I'm interested in learning a little more about how teachers think about technology. If any teachers are willing to answer these questions I'd be grateful.

What questions do you ask yourself in deciding how to use technology?

What kinds of choices do you make when using technology in their classroom?

If teachers who use technology a lot could give one bit of advice to teachers new to technology what advice would you give?

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What questions do you ask yourself in deciding how to use technology?

1. Will this lesson/technology improve student learning/understanding?
2. Am I still addressing multiple intelligences?
3. What level of Bloom's Taxonomy does it address?
4. If none of the above, is it still worth doing? ie engagement, wow factor, science is cool!

What kinds of choices do you make when using technology in their classroom?

1. What is the learning curve for me?
2. What is the learning curve for students?
3. I love risk, but is it worth it?

My advice: Don't be afraid to take risks.
I second Scott's response -- does the technology support learning is the primary question.

My advice: Use it yourself. If you want students to (insert technology supported activity), then be a user of that technology. This doesn't mean be an expert, but it does mean be a fellow learner with the technology.
Is it safe? Does it put my students at risk? Can someone out there use the information to take advantage of my students?
The tech I have available (a tablet laptop and projector) make integrating tech into my classroom very easy. The most beneficial part both for the students and me is my ability to present real world examples in real time. For example, my Geometry class was studying orthocenter, incenters, and centroids of a triangle. As soon as a student asked "when are we ever going to use this?" I was able to pull up building they were familiar with and over lay the triangle properties we were studying. They were astounded.
I teach computer technology at the middle school level and here are my answers to your questions:

1) What questions do you ask yourself in deciding how to use technology?
How do I think my students will use this technology now and in the future?
What do they need to know about this technology now and is it a useful building block for their understanding of future technologies.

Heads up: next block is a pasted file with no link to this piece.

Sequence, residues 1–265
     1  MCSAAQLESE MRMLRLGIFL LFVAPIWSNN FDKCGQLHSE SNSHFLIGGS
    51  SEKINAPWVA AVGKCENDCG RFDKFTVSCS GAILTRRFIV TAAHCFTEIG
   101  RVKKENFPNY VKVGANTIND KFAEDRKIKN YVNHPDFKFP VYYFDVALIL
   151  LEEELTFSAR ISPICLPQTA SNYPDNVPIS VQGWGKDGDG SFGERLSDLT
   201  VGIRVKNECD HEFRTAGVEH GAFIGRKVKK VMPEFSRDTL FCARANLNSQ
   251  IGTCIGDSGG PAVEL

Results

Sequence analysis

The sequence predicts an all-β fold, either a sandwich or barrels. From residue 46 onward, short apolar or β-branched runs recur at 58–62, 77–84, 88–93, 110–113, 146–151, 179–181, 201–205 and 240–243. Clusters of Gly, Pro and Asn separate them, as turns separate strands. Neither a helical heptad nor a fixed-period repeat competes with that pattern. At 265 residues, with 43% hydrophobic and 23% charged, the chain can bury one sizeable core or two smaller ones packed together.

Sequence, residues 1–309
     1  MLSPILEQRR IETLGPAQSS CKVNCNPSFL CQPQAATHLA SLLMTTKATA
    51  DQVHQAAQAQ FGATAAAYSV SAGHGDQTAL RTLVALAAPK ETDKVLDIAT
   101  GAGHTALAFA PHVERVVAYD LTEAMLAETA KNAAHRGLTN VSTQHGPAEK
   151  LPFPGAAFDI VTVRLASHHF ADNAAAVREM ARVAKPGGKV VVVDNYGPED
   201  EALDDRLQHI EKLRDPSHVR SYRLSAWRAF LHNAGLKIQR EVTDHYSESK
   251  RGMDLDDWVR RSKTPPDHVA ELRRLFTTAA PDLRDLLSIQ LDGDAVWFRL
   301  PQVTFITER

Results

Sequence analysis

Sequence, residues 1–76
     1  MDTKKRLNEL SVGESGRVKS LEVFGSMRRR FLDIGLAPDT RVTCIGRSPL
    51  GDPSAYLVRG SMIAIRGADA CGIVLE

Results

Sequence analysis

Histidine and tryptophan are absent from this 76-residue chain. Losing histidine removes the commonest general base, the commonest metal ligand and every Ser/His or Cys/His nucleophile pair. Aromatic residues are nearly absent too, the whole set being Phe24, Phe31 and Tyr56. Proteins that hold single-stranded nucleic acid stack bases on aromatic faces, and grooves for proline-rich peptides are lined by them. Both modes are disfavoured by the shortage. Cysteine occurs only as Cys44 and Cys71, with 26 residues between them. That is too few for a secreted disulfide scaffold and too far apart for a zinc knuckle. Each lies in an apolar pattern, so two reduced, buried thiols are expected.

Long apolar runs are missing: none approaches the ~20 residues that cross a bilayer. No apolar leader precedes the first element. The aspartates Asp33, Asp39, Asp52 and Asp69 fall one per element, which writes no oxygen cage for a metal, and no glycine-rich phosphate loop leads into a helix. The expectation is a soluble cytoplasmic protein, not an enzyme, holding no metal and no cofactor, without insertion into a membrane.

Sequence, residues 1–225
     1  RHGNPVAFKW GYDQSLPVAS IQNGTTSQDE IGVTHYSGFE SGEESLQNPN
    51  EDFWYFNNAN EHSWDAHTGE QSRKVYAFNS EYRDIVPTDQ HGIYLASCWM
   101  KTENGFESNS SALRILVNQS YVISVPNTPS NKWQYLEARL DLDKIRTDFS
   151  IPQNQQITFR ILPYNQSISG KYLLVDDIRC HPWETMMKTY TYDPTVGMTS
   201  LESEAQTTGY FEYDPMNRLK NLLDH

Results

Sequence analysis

Is the use of this specific technology by me necessary to the success of my students? Meaning, will they benfit from me using PowerPoint instead of a blackboard because I will be correctly modeling an effective use of technology.
Cost benefit analysis: Will the amount of time and energy I will have to dedicate to this technology (learning it, practicing it, experimenting with it) pay off or is the technology (or software) just too cumbersome and possibly not ready for the classroom yet?
And finally, is the technology (or software) proprietary and exclusive or can it work seemlessly in conjunction with other existing technologies?

2) What kinds of choices do you make when using technology in their classroom?
I basically teach the microsoft office suite with a sprinkling of internet research, and digital multimedia. I work with whatever software and hardware that's available to create lesson plans that give students basic skills that they can scaffold new skills to in the future.

3) If teachers who use technology a lot could give one bit of advice to teachers new to technology what advice would you give?
Teaching with technology is like team teaching with a recovering alcoholic. Most days everything is fine but when it goes bad it goes real bad.
1. I ask myself "Self, will this enhance, improve, increase, interest the students more than another method?" "Self, is using technology A going to allow you to use differentiated teaching methods?" "Self, do you know enough about this technology to use it comfortably with students to get them started?" "Finally, self, is the understanding of objectives going to be fulfilled using the technology."

2. Well, I make great choices. I choose to try new things and am prepared to have not go well by having a great backup plan or at least my bag of soft juggling balls handy so students can do something. I'm not sure what you mean by this.


3. My advice - always have plan B. Make sure your students are as computer/technology literate as you/they believe they are. Be ready for absolutely anything to happen. Backup, backup, backup! Don't trust that the blocking software is going to work for teenagers - in fact they will be able to find all kinds of interesting sites while your biology teacher won't be able to find anything on asexual reproduction. I've resorted to asking the kids to find the websites for this;) Be ready to laugh at what takes place.